Hope for swift progress on a nuclear deal with Tehran faded dramatically today, as world powers presented Iran with a list of stringent demands to curb its uranium enrichment but offered little sanctions relief in return.
Iranian officials said the new offer reaches beyond the step-by-step and "reciprocal" process agreed in the first round of talks in Istanbul last month, which along with positive signals from both sides had generated high expectations for Baghdad.
"The response from the Iranian side is: 'What you are asking for is ... not what we agreed to in Istanbul,' " an Iranian diplomat close to the talks told the Monitor, referring to the demands of six world powers that include Iran capping uranium enrichment and scrapping a deeply buried facility.
Steps were meant to be “reciprocal, simultaneous, and ... balanced” in their value to each side, says the Iranian diplomat. Instead, Iran was told there would be “consideration” of easing sanctions “later,” after Iran made concessions.
The Iranian reaction to the proposal indicates that a serious disconnect remains between Tehran and global powers about finding the right formula for curbing Iran's nuclear work, and locking in guarantees that it will not weaponize.
That disconnect surprises Iran experts, after years in which both sides have made clear their priorities. Mr. Jalili in Istanbul was reported to have been "relentless" in requesting European foreign policy chief Catherine Ashton to ease sanctions.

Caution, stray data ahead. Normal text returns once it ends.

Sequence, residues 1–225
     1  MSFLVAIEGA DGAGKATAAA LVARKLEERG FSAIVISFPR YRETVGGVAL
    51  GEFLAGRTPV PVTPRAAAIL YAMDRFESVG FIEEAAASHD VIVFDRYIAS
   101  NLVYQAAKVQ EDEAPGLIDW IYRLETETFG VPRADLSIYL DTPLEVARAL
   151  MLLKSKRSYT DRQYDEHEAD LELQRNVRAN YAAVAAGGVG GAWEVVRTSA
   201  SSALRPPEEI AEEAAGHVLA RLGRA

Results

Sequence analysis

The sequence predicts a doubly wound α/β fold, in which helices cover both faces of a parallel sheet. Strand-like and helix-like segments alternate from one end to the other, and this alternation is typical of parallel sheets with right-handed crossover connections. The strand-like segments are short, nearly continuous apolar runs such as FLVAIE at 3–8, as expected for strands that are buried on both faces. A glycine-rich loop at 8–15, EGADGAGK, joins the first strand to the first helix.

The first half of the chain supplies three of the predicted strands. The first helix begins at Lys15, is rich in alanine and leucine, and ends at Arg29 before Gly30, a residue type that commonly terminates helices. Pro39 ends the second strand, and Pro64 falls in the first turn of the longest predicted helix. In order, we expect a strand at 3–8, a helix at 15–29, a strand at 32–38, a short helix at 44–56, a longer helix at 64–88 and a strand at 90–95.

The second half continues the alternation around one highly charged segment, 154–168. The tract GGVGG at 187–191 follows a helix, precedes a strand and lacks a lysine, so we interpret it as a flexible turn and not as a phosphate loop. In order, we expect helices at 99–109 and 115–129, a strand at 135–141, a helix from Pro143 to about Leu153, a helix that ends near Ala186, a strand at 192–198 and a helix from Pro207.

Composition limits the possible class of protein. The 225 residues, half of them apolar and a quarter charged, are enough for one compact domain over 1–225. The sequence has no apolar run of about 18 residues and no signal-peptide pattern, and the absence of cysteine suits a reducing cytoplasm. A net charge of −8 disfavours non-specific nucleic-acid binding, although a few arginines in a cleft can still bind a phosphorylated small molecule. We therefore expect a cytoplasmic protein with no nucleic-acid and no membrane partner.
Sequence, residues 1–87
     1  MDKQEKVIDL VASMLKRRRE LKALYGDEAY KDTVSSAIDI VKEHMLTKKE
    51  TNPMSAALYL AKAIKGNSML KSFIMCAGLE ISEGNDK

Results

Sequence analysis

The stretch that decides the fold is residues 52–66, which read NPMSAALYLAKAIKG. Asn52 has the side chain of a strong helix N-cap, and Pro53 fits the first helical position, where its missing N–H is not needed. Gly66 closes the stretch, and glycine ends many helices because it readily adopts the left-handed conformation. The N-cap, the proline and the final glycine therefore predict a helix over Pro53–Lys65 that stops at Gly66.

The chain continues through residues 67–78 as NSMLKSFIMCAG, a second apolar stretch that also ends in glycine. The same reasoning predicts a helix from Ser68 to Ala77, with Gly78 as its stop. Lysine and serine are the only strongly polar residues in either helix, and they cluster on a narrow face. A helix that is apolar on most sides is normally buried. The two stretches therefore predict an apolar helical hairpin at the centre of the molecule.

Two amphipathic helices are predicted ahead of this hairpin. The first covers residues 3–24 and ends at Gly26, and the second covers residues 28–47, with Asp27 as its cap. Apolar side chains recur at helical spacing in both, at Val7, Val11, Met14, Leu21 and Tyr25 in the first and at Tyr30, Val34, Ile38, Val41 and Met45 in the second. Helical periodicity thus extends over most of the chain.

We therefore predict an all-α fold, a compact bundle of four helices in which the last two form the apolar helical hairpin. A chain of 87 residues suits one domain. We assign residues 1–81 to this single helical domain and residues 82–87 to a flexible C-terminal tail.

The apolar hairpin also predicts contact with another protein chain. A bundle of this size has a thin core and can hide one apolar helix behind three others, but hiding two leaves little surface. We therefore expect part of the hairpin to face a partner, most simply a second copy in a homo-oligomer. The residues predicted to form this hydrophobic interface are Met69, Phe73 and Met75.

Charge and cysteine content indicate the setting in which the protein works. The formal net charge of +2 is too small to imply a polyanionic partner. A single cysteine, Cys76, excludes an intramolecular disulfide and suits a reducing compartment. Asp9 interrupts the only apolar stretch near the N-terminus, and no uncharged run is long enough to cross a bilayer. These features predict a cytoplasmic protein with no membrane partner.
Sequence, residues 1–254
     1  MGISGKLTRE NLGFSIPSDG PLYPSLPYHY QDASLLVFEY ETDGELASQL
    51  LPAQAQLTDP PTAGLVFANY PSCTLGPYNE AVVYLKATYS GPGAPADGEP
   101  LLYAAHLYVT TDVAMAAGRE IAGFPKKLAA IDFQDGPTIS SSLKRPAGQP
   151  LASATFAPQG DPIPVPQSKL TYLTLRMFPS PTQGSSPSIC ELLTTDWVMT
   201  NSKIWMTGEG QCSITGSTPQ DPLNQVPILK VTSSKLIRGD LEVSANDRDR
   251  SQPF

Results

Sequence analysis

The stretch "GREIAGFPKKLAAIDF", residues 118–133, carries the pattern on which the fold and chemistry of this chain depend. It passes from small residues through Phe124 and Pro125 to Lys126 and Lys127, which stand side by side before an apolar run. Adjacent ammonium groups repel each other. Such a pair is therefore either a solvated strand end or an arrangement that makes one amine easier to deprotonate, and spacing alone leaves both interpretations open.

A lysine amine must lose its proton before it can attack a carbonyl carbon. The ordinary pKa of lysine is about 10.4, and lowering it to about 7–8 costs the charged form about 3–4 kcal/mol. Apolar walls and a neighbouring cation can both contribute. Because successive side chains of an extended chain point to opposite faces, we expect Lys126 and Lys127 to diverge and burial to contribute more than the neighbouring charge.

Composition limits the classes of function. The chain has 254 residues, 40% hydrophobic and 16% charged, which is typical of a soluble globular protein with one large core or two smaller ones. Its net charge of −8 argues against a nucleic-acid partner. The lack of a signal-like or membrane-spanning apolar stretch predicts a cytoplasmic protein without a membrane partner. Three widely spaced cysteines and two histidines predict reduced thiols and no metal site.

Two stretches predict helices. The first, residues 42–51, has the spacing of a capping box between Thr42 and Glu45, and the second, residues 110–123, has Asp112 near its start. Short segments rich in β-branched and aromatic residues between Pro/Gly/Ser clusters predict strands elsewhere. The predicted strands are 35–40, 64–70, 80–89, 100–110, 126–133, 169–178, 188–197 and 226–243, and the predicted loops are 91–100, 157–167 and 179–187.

"Iran cannot be expected to make big concessions for the sake of a pittance," says Kaveh Afrasiabi, a former adviser to Iranian nuclear negotiation teams from 2004-06. "The talks can achieve concrete progress only if there is symmetry of compromise on both sides and, unfortunately, the West seems disinclined to observe the rule of mutual reciprocity," says Mr. Afrasiabi, now in Cambridge, MA. "Such a hard-line approach is not conducive to successful talks."
Ms. Ashton, speaking on behalf of the P5+1 group (the United States, Russia, China, Britain, France, and Germany) laid out the proposal to Iran's chief negotiator Saeed Jalili in the first session of the talks in Baghdad today.
The P5+1 offer requires Iran to comply with UN Security Council resolutions and "immediately" halt uranium enrichment to 20 percent – a level not technically far from weapons-grade of 90 percent – and to ship its stockpile out of the country, according to the Iranian diplomat.
"We are ready to have a compromise on that [20 percent enrichment], as long as it is a step-by-step process," says the diplomat.
But suspending all enrichment – including the lowest levels for reactor fuel – is a red line that Iran says it will never accept. Officials frequently cite Iran's "right" to enrich as a signatory of the Nuclear Nonproliferation Treaty (NPT).
The P5+1 offer also wants Iran to shut down its Fordow enrichment facility, which is buried under a mountain and is under safeguard by United Nations nuclear agency inspectors, but impregnable from US or Israeli attack. Iran's state-run IRNA news agency called the package "outdated, not comprehensive, and unbalanced."